14ymedio, Mario Penton Martinez, 2 Deceber 2015 — The first thing Frank Gonzalez (not his real name) dreams of doing upon his arrival in New York is eating ice cream, even if it is snowing. The route to the United States, however, is still a long one for this medical clinician from Camagüey who is in Ecuador, from where he is going to try to get to Colombia.
The doctor, 49, traveling with his wife and daughter, says he is “looking for freedom,” as other family members and neighbors have already done. “In my neighborhood of Camagüey very few of my friends remain, most of them are here or in the United States. Cuba is going to be emptied out,” he muses.
His motivations to leave the island, he says, “were the same as for all those who have been leaving Cuba for years.” And he added, “When I had spent two days in this country I said to myself, I spent at least 15 years when I should have been here, how stupid I’ve been, waiting for a change there.”
Gonzalez left his native country because of a lack of prospects for the future. “I don’t mean only in the economic sphere, but also intellectual freedom. It’s not about doing whatever you want, but at least being able to make plans with your salary, to be free to express your feelings and opinions. Leaving Cuba is a personal decision, but if you have dreams, goals and want options in your life, you have to do it,” he explains.
Before embarking on the trip he had to sell all his belongings, including his house. The first expense facing him was a passport, which cost 100 dollars, one of the most expensive in the world. He also had to pay some 2,000 dollars for certifications of his credentials and the ticket to Ecuador, plus about 350 dollars for a new visa because he wasn’t a tourist.
However, he thinks that “the worst is not the expense, which is hard; the worst is facing a completely new reality in capitalism.” Gonzales said that in the private clinics in Ecuador where he has worked they have paid him “much less than an Ecuadorian doctor would earn,” and even at times fired him without paying the salary owed to him, and without him being able to demand it.
However, “for professionals like us, it is best that we leave, because others cannot be legalized as quickly and are much more exploited. Their jobs are usually the lowest paid and, of course, if you get into any kind of trouble they immediately deport you to Cuba.”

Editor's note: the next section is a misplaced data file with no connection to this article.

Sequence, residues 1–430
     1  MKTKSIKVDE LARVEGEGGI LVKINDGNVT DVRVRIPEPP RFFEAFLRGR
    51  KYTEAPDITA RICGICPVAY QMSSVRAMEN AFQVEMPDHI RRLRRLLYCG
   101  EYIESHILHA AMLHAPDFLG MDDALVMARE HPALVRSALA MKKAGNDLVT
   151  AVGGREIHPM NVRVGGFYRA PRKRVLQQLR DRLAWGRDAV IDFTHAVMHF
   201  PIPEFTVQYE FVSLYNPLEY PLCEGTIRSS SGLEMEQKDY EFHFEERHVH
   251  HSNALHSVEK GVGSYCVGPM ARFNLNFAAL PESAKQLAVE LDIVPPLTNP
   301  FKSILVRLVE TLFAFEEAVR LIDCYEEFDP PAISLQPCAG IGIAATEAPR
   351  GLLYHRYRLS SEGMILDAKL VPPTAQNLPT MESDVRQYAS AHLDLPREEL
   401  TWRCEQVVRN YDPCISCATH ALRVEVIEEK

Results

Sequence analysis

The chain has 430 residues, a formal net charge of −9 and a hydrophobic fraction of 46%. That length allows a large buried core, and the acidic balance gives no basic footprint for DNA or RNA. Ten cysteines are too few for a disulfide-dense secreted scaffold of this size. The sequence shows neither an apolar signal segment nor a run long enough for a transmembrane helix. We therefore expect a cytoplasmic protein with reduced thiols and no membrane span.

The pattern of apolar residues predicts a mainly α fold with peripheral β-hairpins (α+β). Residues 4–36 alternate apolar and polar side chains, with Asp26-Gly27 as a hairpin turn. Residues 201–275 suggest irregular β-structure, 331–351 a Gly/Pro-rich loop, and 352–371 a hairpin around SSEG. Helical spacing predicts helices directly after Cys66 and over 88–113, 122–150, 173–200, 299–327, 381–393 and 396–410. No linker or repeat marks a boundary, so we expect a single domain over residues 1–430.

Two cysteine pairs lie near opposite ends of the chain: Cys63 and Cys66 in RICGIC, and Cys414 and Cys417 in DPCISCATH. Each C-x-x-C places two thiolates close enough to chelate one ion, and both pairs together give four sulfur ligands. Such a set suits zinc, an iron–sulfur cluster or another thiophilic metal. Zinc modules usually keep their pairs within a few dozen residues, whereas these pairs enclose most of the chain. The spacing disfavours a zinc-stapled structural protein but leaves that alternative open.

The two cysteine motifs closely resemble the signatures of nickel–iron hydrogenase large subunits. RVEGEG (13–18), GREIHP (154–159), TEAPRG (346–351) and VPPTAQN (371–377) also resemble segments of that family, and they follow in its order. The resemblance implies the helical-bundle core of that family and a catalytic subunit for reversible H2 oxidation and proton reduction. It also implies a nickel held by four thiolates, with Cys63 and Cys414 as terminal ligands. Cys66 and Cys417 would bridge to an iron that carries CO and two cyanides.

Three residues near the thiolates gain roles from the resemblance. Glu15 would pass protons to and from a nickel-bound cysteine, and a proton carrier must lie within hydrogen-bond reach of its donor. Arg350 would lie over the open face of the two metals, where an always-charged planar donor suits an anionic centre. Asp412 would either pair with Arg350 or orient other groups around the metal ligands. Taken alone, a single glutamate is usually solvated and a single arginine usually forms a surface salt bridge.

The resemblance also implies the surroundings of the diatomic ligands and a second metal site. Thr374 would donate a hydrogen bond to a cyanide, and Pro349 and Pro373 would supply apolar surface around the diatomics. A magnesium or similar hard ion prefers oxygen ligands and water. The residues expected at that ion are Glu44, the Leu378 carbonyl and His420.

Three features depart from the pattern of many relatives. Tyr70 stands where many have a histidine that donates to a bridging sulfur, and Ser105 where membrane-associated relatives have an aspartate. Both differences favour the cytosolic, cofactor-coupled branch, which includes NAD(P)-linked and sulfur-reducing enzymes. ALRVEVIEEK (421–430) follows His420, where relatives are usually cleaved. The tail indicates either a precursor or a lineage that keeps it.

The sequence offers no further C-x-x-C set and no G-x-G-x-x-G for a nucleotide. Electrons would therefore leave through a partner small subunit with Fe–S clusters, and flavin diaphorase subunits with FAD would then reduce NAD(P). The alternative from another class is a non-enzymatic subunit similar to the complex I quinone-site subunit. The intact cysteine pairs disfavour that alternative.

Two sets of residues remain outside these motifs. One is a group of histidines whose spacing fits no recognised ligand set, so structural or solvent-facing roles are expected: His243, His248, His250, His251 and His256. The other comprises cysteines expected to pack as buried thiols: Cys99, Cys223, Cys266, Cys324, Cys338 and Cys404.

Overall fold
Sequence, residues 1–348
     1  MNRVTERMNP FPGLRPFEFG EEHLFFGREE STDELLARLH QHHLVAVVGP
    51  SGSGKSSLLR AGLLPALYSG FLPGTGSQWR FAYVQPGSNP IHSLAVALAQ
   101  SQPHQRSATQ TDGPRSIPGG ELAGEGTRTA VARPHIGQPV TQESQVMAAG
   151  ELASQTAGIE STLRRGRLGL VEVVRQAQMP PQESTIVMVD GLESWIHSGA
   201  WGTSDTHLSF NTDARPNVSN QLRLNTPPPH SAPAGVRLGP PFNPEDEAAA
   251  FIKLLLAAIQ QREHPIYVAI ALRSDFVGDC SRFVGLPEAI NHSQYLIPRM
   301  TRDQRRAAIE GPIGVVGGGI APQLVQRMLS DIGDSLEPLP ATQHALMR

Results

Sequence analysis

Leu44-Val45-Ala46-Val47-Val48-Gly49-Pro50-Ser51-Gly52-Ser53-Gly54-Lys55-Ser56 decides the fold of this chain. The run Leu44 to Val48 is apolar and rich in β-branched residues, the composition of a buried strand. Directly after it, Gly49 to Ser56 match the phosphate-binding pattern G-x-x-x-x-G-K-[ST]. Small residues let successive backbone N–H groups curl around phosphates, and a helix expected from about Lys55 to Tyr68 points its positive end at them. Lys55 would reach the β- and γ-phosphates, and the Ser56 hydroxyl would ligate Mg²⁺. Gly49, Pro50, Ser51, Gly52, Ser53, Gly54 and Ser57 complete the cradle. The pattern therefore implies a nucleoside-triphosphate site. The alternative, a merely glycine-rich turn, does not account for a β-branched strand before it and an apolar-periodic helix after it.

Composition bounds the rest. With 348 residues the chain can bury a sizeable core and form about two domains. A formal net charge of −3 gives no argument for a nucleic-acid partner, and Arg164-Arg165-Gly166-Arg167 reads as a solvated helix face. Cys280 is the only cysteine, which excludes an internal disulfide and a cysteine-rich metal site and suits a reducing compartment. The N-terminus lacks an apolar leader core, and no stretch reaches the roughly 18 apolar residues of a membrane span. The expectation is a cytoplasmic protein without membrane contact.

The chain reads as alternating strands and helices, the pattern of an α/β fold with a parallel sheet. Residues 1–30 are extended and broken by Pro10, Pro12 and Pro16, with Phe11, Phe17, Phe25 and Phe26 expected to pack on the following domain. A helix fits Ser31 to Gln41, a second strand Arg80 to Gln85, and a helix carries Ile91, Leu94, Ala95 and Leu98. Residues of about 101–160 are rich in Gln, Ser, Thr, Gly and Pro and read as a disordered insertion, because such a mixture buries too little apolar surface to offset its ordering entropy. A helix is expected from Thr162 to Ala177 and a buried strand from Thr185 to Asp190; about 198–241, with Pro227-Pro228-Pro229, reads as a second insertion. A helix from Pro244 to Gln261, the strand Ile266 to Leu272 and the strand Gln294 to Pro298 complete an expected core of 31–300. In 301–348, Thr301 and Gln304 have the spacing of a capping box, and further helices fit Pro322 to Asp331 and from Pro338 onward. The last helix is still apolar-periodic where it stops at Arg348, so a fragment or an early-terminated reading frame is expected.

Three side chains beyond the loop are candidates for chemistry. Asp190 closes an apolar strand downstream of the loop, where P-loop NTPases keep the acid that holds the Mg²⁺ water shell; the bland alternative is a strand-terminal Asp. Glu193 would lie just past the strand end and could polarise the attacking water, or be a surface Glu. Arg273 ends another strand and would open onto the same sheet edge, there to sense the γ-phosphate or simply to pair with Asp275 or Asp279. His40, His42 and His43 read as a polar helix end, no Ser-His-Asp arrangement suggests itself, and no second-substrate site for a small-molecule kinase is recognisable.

Gonzales is aware that in the United States he will probably have to “paint bus stops,” but he still prefers that to the work he performs in Quito. “I want to see things from another perspective. I want to dedicate my remaining years to other activities, but not having to live in Cuba or here,”
The doctor believes that the situation in Ecuador is increasingly difficult for Cubans. “The Ecuadorians themselves do not want us, they see us as people who come to take away their jobs and they are happy with the decision to require visas,” he says. The physician estimates that the new measure, taking effect this Tuesday, has raised the prices charged by the coyotes. Before the measures, it cost 600 dollars to get to the border of Colombia and Panama. Today they are talking about 1,500 dollars,” he explained.
“In Colombia the situation is also critical, everyone agrees that it is the worst stretch of the journey, they cheat you, rob you, and many women have been raped. But desperation makes people take the risks.”
Gonzalez believes that behind the bottleneck at the Nicaraguan border is the hand of the Cuban government. “The two governments are hand in glove. I do not think that they will deport so many thousands of Cubans, but I believe the situation there could get worse. The social networks are a real blessing, letting us know the situation of our brothers,” he adds.
“People are leaving the island because Cubans are peaceful people and fear the military apparatus that governs us,” the doctor continues. He is convinced that even with a capitalist government on the island, it will be at least 20 years before the change is noticeable.
“Cuba needs a huge push to get out of the current situation,” he opines. “Our country has had development opportunities and completely lost them. The government continues to be in the hands of old men with a retrograde mentality and immersed in the same demagoguery and lies.”